Kit Deal More than Just Highest Bid Wins
As the home straight in the battle for the Premier League narrows into view and preparations begin for promotional shots for the new kits that will be worn by the team next year, thoughts are already turning in some quarters as to who will take over the role of kit maker for Liverpool. As we enter the final season of the current contract with New Balance, it has already been quoted in many media outlets that parties have already begun to open discussions with the club.
With record breaking sales of the last 2 kits leading to the club having to put a pre-order link for any supporters wishing to own the current home shirt, demand for a Liverpool shirt is clearly high and this will allow Liverpool to command a higher revenue from any prospective kit maker should an extension agreement not be reached. Any deal proposed will need to be heavily scrutinised to ensure that it has an overall benefit to the financial success of the club.
A number of different organisations have been banded around including a possible return for Adidas who currently have a £75m-a-year deal with Manchester United which contains a number of clauses that if breached could see the figure drop significantly. This is one thing to bear in mind, as with the uncertainty of football, peaks and troughs are commonplace especially with the more competitive nature of the Premier League.
Another thing to consider is the demands on your retail operations. Some reports in years gone by had suggested control of our retail shops was wanted as part of a lucrative contract which would almost turn the club shops into “Nike” or “Adidas” shops with limited Liverpool products for example. The other obstacles Liverpool have come up against in the past is having a deal which allows creativity from the club and the release of their own fashion items that are not affiliated or bearing the kit makers name. Whilst the designs are not to every supporters taste, there is an element of revenue attached which could be enough to convince the club to take a slightly lower amount but regain that control.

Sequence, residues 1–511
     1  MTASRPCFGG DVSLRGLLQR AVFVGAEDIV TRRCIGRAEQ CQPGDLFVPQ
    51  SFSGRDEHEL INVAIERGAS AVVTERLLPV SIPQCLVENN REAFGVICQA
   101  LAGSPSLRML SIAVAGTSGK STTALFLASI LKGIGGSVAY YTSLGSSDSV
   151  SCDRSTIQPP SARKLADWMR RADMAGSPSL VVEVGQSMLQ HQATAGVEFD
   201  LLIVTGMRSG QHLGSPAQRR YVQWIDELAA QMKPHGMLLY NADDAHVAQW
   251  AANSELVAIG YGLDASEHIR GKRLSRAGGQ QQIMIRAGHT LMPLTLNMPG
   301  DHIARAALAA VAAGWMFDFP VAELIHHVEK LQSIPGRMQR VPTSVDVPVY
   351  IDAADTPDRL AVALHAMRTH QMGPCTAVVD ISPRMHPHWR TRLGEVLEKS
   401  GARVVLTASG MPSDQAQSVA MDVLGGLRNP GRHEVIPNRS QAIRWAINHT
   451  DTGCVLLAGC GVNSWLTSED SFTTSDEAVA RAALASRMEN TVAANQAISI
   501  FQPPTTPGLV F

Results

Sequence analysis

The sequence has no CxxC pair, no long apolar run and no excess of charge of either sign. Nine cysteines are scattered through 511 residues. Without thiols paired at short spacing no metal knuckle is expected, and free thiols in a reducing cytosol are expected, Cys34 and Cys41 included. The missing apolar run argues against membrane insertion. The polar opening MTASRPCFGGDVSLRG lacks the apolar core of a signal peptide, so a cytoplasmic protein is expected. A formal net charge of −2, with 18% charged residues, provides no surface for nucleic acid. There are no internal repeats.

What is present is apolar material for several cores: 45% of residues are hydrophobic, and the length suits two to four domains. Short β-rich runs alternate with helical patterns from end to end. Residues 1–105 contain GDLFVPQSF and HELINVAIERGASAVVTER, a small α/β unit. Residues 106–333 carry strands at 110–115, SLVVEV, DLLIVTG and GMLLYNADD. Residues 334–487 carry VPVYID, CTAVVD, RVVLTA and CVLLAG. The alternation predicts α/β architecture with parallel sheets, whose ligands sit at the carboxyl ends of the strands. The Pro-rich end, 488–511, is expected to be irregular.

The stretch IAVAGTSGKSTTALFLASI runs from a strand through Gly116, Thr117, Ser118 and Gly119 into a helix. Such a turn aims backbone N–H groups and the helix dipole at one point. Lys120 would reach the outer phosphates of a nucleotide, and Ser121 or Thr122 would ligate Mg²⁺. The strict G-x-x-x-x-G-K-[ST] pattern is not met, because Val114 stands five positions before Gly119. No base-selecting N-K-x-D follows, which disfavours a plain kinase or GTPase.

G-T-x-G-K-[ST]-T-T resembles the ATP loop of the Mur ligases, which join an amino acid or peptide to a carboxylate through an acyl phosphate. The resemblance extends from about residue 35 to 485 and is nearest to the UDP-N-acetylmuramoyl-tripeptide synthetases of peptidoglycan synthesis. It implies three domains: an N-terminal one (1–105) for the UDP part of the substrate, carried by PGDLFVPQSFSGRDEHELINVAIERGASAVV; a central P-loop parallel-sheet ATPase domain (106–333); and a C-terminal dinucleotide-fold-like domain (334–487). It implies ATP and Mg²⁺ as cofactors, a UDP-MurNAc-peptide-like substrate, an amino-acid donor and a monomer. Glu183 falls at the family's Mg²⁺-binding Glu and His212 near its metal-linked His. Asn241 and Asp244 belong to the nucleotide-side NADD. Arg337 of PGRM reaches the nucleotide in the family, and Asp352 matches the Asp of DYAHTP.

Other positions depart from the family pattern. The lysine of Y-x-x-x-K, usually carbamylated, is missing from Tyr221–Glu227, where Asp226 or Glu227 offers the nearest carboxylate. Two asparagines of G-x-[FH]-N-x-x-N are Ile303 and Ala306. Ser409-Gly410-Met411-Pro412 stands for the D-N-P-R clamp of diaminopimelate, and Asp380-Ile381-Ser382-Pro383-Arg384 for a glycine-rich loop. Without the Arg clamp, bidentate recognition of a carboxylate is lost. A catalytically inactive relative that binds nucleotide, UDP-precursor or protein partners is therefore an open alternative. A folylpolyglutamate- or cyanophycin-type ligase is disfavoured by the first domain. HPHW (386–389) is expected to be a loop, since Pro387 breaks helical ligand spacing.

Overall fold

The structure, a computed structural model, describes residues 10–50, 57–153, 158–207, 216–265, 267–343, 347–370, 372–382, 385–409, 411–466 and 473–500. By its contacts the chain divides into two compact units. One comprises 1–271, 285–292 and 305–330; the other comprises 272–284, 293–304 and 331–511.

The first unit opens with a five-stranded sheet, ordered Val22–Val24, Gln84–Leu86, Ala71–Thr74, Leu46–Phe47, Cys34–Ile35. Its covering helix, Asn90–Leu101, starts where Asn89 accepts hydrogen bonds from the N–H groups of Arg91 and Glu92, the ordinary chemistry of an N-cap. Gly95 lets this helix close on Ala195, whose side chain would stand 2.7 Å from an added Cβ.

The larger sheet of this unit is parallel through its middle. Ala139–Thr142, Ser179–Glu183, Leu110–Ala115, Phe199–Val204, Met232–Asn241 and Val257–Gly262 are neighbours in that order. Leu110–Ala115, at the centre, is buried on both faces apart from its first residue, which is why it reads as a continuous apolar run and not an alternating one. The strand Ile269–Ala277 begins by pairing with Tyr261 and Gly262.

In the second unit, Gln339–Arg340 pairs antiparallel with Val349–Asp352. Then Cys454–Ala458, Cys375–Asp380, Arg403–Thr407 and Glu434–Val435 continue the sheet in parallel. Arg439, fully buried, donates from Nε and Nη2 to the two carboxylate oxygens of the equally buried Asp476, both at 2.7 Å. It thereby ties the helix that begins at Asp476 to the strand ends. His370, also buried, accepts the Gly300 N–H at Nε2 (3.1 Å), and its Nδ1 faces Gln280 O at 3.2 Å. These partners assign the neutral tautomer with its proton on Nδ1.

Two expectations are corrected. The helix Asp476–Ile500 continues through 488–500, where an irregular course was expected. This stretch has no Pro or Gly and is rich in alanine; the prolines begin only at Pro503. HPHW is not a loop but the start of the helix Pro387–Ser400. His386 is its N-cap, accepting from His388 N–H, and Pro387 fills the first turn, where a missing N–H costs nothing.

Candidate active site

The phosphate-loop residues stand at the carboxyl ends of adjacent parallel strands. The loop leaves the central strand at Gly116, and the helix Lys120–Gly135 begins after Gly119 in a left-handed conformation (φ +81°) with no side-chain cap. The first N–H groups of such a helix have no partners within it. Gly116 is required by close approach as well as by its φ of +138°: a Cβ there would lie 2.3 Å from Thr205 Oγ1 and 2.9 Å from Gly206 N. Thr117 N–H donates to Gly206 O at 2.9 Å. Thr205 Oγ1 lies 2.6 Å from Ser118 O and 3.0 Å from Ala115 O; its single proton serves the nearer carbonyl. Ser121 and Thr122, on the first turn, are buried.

While the financial muscle will be with the more established brands such as Nike/Adidas, there is the concern that the design of the kit may not be as unique as going with a less established/more independent brand so in effect the kit for Liverpool would look like the same shirt provided for Manchester United with the only difference being the shade of Red and the sponsors names and club logos.
From comments I’ve seen raging across social media and in comments on the media reports, there appears to be a larger proportion of people wanting Adidas over Nike with some levelled arguments over reasons for choosing to either stay with or move away from New Balance who themselves entered the kit making market under the guise of Warrior and first made Liverpool’s kits in 2012. Nike themselves may try to do all they can to secure a large team to their portfolio having seen Manchester City make the decision to move to Puma in the upcoming summer and having lost Manchester United to Adidas a couple of years ago.